Question 29.1

Created on Sat, 05/16/2015 - 19:48
Last updated on Sat, 10/24/2015 - 22:43
Pass rate: 84%
Highest mark: 8.7

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A 24-year-old woman has the following haematology and coagulation profile post 
admission to the intensive care unit following post partum haemorrhage.

Parameter Patient Value Normal Range
White cell count 5.6 x 109/l 4.0 – 11.0
Haemoglobin 60 g/l 115 – 165
Platelets 30 x 109/l 150 – 400
PT 30.6 sec 10.5 – 13.5
APTT >150 sec 21 – 36
D-dimer >10 µgm/ml FEU <0.4
Fibrinogen 0.8 g/l 1.1 – 3.2

a) What does this pattern of coagulation abnormalities suggest?

b) List three likely causes of this coagulation profile in this patient

c) What does an elevated D-dimer indicate?

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College Answer

a) What does this pattern of coagulation abnormalities suggest 


b) List three likely causes of this coagulation profile in this patient 

Amniotic fluid embolism 
Intra-uterine fetal death 
Mismatched / massive transfusion

c) What does an elevated D-dimer indicate?

Tests fibrinolysis. Measures the break down of the cross-linked fibrin



This question is one of pattern recognition, and it interrogates the candidate's ability to generate a list of differential causes for DIC at the end of pregnancy.

There isn't much else this list of abnormalities could represent.

There is evidence of accelerated fibrinolysis (D-dimer elevation), a low fibrinogen suggestive of its consumption, evidence for the depletion of clotting factors (high PT and APTT) and thrombocytopenia with anaemia, suggestive of microangiopathy.

The causes of DIC are numerous, but in the context of pregnancy and PPH one can narrow down one's list of possibilities.

There are actually quite a large number of potential peripartum causes for DIC:

  • Abruptio placentae
  • Placenta accreta
  • Amniotic fluid embolism
  • Retained dead fetus
  • Abortion induced with hypertonic fluids (saline or urea)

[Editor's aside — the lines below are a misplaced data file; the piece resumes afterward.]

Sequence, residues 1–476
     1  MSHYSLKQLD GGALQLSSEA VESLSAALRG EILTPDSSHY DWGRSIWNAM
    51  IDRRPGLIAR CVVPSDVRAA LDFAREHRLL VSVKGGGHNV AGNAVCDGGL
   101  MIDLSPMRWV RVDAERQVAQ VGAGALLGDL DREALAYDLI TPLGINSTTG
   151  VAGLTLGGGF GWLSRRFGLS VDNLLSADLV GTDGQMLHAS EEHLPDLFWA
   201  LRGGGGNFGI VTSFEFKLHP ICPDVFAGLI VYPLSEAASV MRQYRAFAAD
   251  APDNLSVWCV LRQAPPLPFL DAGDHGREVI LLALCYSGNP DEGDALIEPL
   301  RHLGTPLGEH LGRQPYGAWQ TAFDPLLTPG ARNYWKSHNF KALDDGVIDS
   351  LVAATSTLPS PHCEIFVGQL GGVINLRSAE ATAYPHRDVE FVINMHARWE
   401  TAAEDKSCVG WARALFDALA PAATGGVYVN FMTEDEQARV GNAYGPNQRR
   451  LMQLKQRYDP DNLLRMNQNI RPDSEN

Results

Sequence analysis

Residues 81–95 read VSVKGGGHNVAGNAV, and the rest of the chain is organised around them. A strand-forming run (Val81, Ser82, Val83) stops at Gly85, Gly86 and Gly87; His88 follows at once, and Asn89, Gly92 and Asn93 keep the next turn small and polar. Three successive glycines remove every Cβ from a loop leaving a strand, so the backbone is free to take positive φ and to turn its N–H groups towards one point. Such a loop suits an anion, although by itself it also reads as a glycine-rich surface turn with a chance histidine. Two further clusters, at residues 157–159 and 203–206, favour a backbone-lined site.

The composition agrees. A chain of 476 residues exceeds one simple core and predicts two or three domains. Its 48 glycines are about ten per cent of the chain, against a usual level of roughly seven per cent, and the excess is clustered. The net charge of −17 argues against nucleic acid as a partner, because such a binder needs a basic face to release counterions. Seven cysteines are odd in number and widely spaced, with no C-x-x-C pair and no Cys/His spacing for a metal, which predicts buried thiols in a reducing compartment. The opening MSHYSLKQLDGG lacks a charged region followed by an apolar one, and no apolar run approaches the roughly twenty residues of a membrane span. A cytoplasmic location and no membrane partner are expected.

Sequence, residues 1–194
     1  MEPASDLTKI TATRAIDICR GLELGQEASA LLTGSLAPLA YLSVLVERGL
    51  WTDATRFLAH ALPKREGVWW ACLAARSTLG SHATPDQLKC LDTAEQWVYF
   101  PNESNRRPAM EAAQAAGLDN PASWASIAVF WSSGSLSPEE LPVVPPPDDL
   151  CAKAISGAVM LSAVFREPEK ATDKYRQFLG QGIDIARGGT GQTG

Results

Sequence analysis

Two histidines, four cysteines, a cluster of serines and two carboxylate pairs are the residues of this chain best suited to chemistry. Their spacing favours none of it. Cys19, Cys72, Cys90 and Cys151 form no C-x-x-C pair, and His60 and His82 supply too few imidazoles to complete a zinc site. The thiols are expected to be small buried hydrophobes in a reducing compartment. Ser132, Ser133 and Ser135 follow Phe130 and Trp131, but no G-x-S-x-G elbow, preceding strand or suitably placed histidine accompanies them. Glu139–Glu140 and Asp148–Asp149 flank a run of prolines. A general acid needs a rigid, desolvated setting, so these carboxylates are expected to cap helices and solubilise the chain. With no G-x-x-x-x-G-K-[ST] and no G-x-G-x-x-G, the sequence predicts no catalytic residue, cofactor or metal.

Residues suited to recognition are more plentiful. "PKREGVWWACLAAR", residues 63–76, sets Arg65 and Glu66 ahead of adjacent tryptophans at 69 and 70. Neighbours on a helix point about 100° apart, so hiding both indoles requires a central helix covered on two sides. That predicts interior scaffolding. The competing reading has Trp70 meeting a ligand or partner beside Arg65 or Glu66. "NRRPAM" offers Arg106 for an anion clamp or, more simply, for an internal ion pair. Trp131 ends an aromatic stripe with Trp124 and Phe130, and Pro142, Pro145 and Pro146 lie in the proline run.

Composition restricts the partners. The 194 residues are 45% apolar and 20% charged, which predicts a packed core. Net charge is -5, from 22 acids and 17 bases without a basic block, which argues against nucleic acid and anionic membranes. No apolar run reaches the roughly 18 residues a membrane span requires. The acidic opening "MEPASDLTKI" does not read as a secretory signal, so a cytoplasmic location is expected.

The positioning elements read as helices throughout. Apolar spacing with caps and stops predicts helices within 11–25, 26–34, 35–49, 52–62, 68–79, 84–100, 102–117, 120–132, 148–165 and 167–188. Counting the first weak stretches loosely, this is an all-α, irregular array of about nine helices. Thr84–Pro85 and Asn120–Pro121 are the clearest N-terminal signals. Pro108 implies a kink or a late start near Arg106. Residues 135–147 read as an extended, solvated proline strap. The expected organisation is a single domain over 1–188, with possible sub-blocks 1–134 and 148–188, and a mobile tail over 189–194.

• Intrauterine sepsis
  • Incompatible blood transfusion

An excellent review article lists these, and others, and delves deep into their pathophysiology and management.

So, what indeed does an elevated D-dimer indicate? The college seems to have expected a one-line answer.

It seems to be a valuable adjunct for the laboratory diagnosis of DIC.

In essence, a D-dimer is a small protein degradation product, consising of two crosslinked D-fragments of fibrin.

A longer explanation, with pictures and extensive bibliography, is also available. The presence of an elevated D-dimer confrms that somewhere fibrin is being degraded.


Slofstra, Sjoukje, Arnold Spek, and Hugo ten Cate. "Disseminated intravascular coagulation." The Hematology Journal 4.1 (2013): 295-302.

Levi, Marcel, and Hugo Ten Cate. "Disseminated intravascular coagulation."New England Journal of Medicine 341.8 (1999): 586-592.

Letsky, Elizabeth A. "Disseminated intravascular coagulation." Best Practice & Research Clinical Obstetrics & Gynaecology 15.4 (2001): 623-644.

Carr, J. Meehan, M. McKinney, and J. McDonagh. "Diagnosis of disseminated intravascular coagulation. Role of D-dimer." American journal of clinical pathology 91.3 (1989): 280-287.

Adam, Soheir S., Nigel S. Key, and Charles S. Greenberg. "D-dimer antigen: current concepts and future prospects." Blood 113.13 (2009): 2878-2887.